## Introduction

Population geneticists have been traditionally interested in homozygosity excess, reflecting either inbreeding or hidden population structure (e.g. see Chakraborty & Li 1992). In this vein, null alleles have long been an issue for widely deployed genetic markers, and that remains true for microsatellites, which may be characterized by an increased frequency of null alleles (Dakin & Avise 2004). Moreover, many data originating from next-generation sequencing and chip-based approaches also suffer from severe null allele problems (Franke *et al*. 2008; Hohenlohe *et al*. 2011; Pfender *et al*. 2011).

The utility of codominant markers in revealing heterozygote deficiency and population structure (notably *F*_{IS} and *F*_{ST}) is complicated by the presence of hidden null alleles (Chakraborty *et al*. 1992; Brookfield 1996; Chapuis & Estoup 2007), because they contribute to apparent homozygote excess, over and above the effects of inbreeding and reduced gene flow. Undetected null alleles may also introduce bias into the estimation of allelic frequencies, affecting any subsequent population genetic analyses (Dakin & Avise 2004). Conversely, failure to account for inbreeding (*F*_{IS} > 0) will lead to overestimates of null allele frequencies (Van Oosterhout *et al*. 2006).

Joint estimation of both the inbreeding coefficient (*F*) and the null allele frequency (*r*) is a formidable challenge (see Chybicki & Burczyk 2009). Different estimation methods have been developed to estimate or establish both parameters. One might estimate the null allele frequency (*r*), using an externally supplied estimate of *F*. Alternatively, one might jointly estimate *F* and a set of *r*-coefficients, employing a different *r*-parameter for each locus.

There are currently two methods of dealing with the estimation of null allele frequencies in nonequilibrium populations. First, Van Oosterhout *et al*. (2006) have proposed an algorithm using external estimates of *F*. The method has been implemented within an Excel macro (Null Allele Estimator, http://www.microchecker.hull.ac.uk/), henceforth referred to as the VO method. Chybicki & Burczyk (2009) have designed an alternative likelihood-based method for a simultaneous estimation of *F* and *r*, henceforth referred to as the CB method, implemented in INEst software (www.genetyka.ukw.edu.pl/index_pliki/software.htm).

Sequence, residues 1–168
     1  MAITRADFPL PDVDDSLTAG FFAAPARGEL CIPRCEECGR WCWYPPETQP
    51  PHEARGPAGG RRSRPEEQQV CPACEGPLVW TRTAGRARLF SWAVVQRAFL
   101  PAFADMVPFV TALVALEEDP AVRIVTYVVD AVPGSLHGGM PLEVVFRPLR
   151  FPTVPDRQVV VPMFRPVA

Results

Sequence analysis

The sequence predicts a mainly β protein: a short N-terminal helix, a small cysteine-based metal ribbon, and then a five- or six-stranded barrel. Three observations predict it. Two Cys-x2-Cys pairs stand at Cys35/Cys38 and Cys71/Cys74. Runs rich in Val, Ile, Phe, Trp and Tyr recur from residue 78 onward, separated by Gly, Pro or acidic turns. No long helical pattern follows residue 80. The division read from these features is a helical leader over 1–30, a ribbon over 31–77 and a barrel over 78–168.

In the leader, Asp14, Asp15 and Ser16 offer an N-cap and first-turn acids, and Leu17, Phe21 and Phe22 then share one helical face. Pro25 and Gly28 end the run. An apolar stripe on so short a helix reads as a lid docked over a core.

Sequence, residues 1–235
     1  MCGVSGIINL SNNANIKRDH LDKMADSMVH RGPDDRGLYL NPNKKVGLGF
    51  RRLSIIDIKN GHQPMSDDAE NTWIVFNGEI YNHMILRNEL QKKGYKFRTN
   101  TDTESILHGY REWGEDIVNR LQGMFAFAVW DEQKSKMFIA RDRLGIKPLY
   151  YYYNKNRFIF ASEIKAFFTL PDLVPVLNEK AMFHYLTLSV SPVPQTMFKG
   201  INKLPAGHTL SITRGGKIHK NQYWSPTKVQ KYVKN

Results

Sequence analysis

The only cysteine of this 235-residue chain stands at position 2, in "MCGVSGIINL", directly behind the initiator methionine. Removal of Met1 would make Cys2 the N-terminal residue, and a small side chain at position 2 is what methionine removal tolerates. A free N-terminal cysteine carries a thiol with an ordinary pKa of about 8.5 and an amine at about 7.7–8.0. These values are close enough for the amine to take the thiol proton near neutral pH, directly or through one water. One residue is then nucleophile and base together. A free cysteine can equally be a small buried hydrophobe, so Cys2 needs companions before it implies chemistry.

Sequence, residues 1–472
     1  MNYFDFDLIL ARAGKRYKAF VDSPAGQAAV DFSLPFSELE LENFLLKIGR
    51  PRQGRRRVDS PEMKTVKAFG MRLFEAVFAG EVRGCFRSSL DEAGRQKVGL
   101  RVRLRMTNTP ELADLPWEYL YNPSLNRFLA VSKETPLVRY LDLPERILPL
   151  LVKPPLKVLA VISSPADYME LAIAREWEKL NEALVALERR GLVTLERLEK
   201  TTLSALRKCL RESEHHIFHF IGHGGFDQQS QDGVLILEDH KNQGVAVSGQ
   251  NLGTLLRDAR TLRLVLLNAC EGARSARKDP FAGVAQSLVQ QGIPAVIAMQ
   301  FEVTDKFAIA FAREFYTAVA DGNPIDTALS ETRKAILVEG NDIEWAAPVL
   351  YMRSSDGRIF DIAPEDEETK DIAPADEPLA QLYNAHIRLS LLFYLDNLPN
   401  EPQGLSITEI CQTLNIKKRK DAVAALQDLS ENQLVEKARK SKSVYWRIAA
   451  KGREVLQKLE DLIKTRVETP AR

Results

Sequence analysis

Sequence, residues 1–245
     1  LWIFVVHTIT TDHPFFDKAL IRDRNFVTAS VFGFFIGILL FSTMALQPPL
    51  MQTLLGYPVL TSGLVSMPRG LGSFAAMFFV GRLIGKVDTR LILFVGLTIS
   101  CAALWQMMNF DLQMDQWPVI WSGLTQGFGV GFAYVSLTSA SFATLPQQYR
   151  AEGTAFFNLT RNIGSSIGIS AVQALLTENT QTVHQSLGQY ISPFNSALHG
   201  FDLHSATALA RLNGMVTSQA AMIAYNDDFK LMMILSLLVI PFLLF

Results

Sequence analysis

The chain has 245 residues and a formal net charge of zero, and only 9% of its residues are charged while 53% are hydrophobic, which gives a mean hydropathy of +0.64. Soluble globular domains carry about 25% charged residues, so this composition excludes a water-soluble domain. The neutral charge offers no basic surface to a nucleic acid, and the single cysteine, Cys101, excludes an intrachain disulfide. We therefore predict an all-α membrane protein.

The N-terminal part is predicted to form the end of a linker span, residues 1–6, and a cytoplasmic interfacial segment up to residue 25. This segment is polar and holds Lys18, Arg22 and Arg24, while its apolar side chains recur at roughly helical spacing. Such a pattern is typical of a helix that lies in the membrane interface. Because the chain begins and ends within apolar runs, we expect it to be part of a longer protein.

The VO method has been used in several empirical studies (e.g. Basic & Besnard 2006; Perrin *et al*. 2007; Potter *et al*. 2008; Billard *et al*. 2010; Elias *et al*. 2010; Shirk *et al*. 2010) and has also been proposed to adjust allele frequencies by including provision for a null allele (e.g. Dewoody *et al*. 2006; Carlon & Lippé 2007). Notwithstanding its popularity, theoretical validation for this method remains unavailable, and its reliability remains at issue. While Van Oosterhout *et al*. (2006) state that the system ‘returns a single real solution’, the possible existence of two solutions is acknowledged in the implementation of the method (null allele estimator). The matter needs further attention.

The CB method was published with a detailed evaluation of its performance (Chybicki & Burczyk 2009), but only over a restricted range of conditions: sample sizes (*N > *50); moderately inbred populations (*F *<* *0.2); and *L *=* *5 or 10 loci. It would be useful to evaluate the performance in this method over the wider range of parameters encountered in practice (e.g. *N *<* *50, *F *>* *0.2, *L *≥* *10).

The aims of this comparison were (i) to provide some clarifications on the VO and CB methods, using theoretical analysis and simulation; (ii) to assess their actual performance when dealing with a wide range of inbreeding, by comparing a modification (VO_{m}) and the CB method; and (iii) to improve our understanding of the arrays of situations that favour one method over the other.